Square Chevrons Quilt Pattern

Square Chevrons Quilt

Square Chevrons Quilt

The Square Chevrons quilt is made using one of the most simple quilt block combinations – a four patch unit and a half square triangle unit.  You can find this combination in many blocks – sunny lanes, jewel box and buckeye beautiful to name a few.  I’ve used batik fabrics and teamed them with white instead of the black that I often use with batiks.  The quilt overall places the white stripes as chevrons, but the resulting design contains squares (hence the name), roadways and even stars when you look carefully.

I’ve used nine 16″ finished size blocks and the quilt size is 52″ square, using 3/4 yard each of dark blue and light blue for the four patch units with 1.1/2 yards of brown batik and 1.1/4 yards of white for the half square triangles and the border.  You can buy these fabrics at a discount in this week’s special offer.

Cutting requirements for the square chevrons quilt

Completed quilt block

Completed quilt block

2.1/2″ squares:  one hundred and forty four each in dark blue and light blue – but these can be strip pieced which saves a lot of time

4.7/8″ squares:  thirty six brown, thirty six white

For the border you will need five 2.1/2″ strips of brown cut across the width of fabric

Making the half square triangles

Make half square triangle units

Make half square triangle units

Use the 4.7/8″ squares to make half square triangles.  Place a brown and a white square with right sides together and mark a line along the diagonal.  Sew a 1/4″ seam either side of the marked line and cut along the line.  This will produce two half square triangle units which are now 4.1/2″ squares.  Press the seam allowances towards the brown and trim the two corners where fabric sticks out.

Sew together strips of fabric

Sew together strips of fabric

Making the four patch units

Cut nine 2.1/2″ strips in both the dark blue and the light blue fabrics.  Sew each light blue strip to a dark blue strip along the length.  Cut the resulting panels at 2.1/2″ intervals to make rectangles 2.1/2″ by 4.1/2″.  Two of these sewn together will form a four patch unit as shown in the top right of the photo.

This is much quicker than sewing together individual squares!

Making the quilt block

Quilt block layout

Quilt block layout

Lay the squares out as shown.  There’s a four patch unit in each corner and four of them in the middle.  These are all placed so that the dark blue squares run from top right to bottom left.

I haven’t actually sewn together the pairs of squares to make 4 patch units in this photo, but this needs to be done before the rest of the block can be sewn together.

There’s a pair of half square triangle units between each pair of corners.  These are all placed so that the white triangles combine to form a stripe running from top left to bottom right.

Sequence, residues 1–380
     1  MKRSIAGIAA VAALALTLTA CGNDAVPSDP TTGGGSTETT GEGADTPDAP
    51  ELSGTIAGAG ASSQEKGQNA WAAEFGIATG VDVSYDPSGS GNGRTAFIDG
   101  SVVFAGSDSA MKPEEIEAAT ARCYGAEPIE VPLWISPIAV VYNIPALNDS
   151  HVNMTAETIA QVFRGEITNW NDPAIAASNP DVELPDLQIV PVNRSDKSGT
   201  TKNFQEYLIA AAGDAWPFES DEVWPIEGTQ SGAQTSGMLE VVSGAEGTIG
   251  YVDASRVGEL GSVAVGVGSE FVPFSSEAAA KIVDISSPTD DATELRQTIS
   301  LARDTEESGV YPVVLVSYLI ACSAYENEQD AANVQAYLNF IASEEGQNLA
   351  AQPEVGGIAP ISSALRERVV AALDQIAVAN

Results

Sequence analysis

Sew the squares together across each row and then sew the rows together to complete the block.  You need to make nine of these.

Rows 1 and 3

Rows 1 and 3

Assembling the square chevrons quilt

Lay the blocks out in three rows of three.  Rows one and three are the same as each other:  the white stripes run from top left to bottom right at each end of the row while in the middle block they run from bottom left to top right.

Row 2

Row 2

In the middle row the blocks are placed so that the white stripe runs from bottom left to top right at each end while in the middle block the stripe runs from top left to bottom right.

Sew the blocks together across each row and then sew the rows to each other.

Add the border

Add the border

I have used 2.1/2″ strips of brown batik for the border.  You will need two lengths of 48.1/2″ for the top and bottom and two lengths of 52.1/2″ for the sides.

That completes the square chevrons quilt top.  It is now ready for layering, quilting and binding.  Full details of these steps can be found in the beginner quilting section.

Square chevrons basic quilt

Square chevrons basic quilt

Just for clarity, I’m putting in an image of the quilt with plain fabrics rather than the batiks that I have used.  I think that the designs show up better with plain colours.

Here’s the video:

Horses in Woodgate Valley

Horses in Woodgate Valley

Because I’m a diabetic I try to walk every day.  Yesterday I went on one of my favourite walks to Woodgate Valley.  It’s within walking distance of my home but feels as though it could be out in the country.  As well as plenty of woodland, you walk through a couple of fields of horses to reach the cafe.

There were still plenty of ripe blackberries in the hedges which was an added bonus.  One of the sections of woodland is called Bromwich Woods – and Bromwich was my maiden name.

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  1. Kathy Betty says: